A B.C. Supreme Court judge has ruled a mother involved in a child-abduction case is allowed to keep her children in B.C.
A court ruling describes it as an unusual international child abduction case.
A father argued his two children, aged 13 and 8, should be returned to Spain, despite them having lived in Canada for over thirty months.
But the judge says since the petition was filed more than one year since their “wrongful retention,” she found the children are now settled in B.C., and will not be ordered to return to Spain.
Says the Honourable Madam Justice Young in her decision:
“This is an unusual international child abduction case because the remaining parent consented to the children leaving their resident state two-and-a-half years before the petition was filed. The petitioner says that the children are being wrongfully retained in Canada, and should be returned to Spain despite the fact that they have resided in Canada for over thirty months at the time of the hearing. The date of the wrongful retention is relevant because, if it is over one year before the petition was filed, the court can consider other factors, including whether the children are now settled in Canada. If it has been less than a year between the wrongful retention and the filing of the petition, the court has no discretion but must return the children.”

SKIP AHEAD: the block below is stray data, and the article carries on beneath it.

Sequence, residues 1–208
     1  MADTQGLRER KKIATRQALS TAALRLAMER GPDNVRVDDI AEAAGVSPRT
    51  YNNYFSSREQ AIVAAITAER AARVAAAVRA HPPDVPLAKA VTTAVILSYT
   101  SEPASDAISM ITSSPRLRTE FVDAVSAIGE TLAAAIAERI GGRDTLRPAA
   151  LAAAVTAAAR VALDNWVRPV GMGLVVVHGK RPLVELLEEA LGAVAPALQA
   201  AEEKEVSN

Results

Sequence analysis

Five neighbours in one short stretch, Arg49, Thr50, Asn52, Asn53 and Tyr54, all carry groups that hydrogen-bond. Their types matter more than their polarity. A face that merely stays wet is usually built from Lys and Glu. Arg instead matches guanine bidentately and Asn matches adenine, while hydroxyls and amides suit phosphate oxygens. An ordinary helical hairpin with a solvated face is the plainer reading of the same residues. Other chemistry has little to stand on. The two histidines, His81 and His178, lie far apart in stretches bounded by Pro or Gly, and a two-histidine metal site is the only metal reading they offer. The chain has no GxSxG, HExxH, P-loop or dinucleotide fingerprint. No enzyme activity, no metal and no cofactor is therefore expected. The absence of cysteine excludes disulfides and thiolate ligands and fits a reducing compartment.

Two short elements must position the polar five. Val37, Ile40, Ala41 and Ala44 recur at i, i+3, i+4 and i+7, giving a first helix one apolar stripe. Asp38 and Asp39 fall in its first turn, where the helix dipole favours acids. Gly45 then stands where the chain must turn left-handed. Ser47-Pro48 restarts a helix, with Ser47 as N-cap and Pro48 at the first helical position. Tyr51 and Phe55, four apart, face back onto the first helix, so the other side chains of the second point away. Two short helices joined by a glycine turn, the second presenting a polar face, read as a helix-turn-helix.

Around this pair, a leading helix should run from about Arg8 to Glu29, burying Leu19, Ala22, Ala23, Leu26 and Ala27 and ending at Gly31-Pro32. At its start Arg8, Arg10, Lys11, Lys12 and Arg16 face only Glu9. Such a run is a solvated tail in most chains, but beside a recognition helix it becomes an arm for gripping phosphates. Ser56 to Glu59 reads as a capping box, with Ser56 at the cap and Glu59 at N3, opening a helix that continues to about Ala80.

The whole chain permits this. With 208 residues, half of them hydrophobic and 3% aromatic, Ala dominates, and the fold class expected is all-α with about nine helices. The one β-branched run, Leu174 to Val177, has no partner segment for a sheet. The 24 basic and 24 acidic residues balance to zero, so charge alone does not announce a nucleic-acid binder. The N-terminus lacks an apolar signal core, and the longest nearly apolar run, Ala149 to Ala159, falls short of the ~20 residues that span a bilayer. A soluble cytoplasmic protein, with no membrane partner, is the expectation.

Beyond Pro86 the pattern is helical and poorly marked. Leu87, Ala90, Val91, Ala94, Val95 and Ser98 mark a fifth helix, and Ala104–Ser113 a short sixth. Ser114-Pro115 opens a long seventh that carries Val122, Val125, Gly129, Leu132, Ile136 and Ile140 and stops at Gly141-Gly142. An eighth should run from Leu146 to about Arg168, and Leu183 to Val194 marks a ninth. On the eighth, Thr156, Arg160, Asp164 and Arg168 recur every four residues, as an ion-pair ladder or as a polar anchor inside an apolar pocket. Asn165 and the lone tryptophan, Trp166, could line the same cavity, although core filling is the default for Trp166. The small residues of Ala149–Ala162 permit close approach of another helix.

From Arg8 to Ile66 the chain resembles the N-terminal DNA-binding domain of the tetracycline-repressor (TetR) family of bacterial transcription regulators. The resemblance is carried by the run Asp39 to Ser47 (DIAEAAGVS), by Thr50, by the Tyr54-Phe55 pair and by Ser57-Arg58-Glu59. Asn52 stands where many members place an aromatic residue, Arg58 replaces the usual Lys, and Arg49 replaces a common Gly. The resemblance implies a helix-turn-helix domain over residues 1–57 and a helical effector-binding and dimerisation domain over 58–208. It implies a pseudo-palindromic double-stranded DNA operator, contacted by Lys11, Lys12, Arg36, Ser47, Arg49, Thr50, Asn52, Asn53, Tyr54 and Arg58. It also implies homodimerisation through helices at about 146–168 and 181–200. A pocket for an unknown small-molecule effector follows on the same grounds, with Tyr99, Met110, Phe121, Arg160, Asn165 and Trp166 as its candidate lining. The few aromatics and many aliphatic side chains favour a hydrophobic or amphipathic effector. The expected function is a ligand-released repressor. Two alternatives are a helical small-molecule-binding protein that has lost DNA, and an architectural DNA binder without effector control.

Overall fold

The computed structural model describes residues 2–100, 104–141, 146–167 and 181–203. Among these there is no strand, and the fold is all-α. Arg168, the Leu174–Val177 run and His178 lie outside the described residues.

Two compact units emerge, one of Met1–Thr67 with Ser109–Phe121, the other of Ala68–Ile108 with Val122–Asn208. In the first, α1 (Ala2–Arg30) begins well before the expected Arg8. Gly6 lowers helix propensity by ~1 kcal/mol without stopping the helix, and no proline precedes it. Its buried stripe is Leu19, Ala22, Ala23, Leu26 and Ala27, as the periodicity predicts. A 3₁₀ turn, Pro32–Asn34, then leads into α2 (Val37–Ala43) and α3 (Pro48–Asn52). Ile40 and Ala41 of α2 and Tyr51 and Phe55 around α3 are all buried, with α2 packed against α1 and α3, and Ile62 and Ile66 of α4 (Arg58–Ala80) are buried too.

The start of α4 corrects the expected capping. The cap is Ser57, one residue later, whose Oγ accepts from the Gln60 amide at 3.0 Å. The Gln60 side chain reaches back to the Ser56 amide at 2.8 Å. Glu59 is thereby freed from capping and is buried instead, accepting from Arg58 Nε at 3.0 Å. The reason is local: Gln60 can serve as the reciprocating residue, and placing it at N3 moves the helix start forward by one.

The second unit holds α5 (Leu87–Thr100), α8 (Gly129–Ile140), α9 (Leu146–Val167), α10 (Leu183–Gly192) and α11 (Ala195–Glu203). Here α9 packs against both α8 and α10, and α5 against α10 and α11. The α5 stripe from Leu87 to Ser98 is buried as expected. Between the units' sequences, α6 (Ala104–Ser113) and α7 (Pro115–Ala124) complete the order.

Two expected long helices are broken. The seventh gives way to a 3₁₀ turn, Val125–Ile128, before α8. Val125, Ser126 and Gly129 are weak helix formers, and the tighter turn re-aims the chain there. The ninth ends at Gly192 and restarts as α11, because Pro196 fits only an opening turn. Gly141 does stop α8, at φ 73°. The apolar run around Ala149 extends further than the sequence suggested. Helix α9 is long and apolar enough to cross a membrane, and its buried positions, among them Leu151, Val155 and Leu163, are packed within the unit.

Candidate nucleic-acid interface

The father is an Israeli citizen, and the mom, a Canadian citizen only.
The pair met in Spain while the mom was on vacation and raised their children there.
But in November 2012 the man , only identified as S.M.B., was arrested and charged with trafficking in marijuana.
He was sent to prison for 3 1/2 years.
The mom, identified as A.J.M., saw her permanent residency in Spain expire, meaning she was no longer legally able to work there.
She determined it was in her family’s best interests to move to B.C. to live with her parents.